The International Organization for Migration (IOM) and its partners are seeking $84 million to provide humanitarian and development assistance to over one million migrants in the Horn of Africa and communities hosting them.
The Regional Migrant Response Plan, launched this week, aims to address the dire needs and protection risks facing people along the treacherous Eastern Route towards the Arabian Peninsula.
Other objectives include scaling up delivery of lifesaving and resilience-building initiatives and implementing long-term sustainable solutions for both migrants and host communities.
The Eastern Route is one of the busiest, most complex and dangerous migration corridors in the world, cutting through deserts, seas and war-torn Yemen. Every year, thousands of people from countries in the Horn of Africa leave their homelands and take to it in search of a better life elsewhere.
In many cases they are fleeing interconnected crises, including persistent insecurity and conflict, harsh climatic conditions, and public health emergencies, in addition to socio-economic drivers and more traditional seasonal factors.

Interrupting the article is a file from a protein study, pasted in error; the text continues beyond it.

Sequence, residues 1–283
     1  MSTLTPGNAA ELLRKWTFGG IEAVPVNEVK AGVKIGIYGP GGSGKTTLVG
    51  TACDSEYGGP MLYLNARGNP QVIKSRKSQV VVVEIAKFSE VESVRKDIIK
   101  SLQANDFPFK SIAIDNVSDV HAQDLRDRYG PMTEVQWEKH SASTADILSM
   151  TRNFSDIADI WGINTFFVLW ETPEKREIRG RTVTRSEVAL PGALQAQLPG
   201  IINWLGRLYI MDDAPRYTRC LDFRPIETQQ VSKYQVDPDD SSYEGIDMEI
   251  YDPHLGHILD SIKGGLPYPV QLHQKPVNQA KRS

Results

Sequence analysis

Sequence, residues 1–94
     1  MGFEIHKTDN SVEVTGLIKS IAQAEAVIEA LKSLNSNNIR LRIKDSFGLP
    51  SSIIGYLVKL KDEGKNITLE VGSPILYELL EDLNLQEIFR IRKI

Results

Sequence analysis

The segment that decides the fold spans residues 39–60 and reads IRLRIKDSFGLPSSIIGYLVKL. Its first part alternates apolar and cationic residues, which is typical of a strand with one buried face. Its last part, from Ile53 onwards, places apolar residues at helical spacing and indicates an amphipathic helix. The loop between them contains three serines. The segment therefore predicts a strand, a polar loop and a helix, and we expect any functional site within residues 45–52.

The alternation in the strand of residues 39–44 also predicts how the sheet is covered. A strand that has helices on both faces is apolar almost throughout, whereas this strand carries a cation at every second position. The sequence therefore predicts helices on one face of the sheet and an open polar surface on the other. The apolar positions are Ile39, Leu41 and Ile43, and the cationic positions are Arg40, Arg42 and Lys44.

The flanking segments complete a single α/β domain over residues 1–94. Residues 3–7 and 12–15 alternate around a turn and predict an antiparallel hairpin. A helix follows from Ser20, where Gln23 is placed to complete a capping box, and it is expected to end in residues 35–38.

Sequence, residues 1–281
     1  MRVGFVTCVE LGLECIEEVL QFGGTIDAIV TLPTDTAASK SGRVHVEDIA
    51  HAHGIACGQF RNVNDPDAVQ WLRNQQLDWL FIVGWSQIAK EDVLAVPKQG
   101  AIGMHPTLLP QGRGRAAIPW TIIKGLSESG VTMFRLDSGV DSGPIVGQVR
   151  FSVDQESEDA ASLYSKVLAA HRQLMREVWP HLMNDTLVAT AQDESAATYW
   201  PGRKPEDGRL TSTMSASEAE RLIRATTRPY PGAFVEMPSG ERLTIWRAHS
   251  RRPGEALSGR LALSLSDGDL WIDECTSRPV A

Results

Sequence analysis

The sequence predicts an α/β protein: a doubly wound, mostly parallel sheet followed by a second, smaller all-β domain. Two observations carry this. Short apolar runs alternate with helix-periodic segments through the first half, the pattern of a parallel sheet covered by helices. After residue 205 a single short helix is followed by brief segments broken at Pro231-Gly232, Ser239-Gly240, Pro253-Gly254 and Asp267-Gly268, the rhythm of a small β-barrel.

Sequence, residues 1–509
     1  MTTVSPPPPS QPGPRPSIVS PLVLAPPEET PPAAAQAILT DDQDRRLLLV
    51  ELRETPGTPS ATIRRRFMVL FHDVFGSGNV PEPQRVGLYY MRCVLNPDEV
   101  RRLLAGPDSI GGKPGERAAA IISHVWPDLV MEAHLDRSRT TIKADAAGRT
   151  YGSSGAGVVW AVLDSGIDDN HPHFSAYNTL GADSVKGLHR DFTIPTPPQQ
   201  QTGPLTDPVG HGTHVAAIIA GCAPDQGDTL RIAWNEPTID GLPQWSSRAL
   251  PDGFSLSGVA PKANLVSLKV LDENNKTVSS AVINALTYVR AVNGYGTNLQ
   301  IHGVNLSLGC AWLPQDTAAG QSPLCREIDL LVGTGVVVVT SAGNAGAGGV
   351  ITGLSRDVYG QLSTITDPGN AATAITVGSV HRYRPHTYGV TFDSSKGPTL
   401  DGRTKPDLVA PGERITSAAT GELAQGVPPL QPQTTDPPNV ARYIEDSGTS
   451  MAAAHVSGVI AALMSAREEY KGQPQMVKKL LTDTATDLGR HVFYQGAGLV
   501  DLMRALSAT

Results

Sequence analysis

Most of them make the dangerous crossing of the Red Sea through Bossaso in Somalia, and Djibouti’s coastal town of Obock to Yemen and further by land to Gulf countries.
According to the United Nations agency, last year, some 145,545 migrants entered Djibouti – almost double the number in 2021.
Additionally, 89 migrant deaths or disappearances were recorded along the Eastern Route due to hazardous transportation, illness, harsh environmental conditions, drowning at sea and violence. Many more deaths and disappearances go unreported.
“The Eastern Route is an underserved crisis easily forgotten amidst other global crises, and we must accord the migrants the support and dignity they deserve,” said IOM Director General António Vitorino.
The Regional Migrant Response Plan is designed to address the most immediate and critical humanitarian and protection needs of migrants in vulnerable situations. It seeks to support their voluntary return home in a safe and dignified manner and ensure that they reintegrate back into their communities successfully.
“The plan provides a flexible mechanism for all stakeholders to respond to evolving migration trends, and broader humanitarian and development challenges affecting migrants, host communities and the respective governments,” said Vitorino.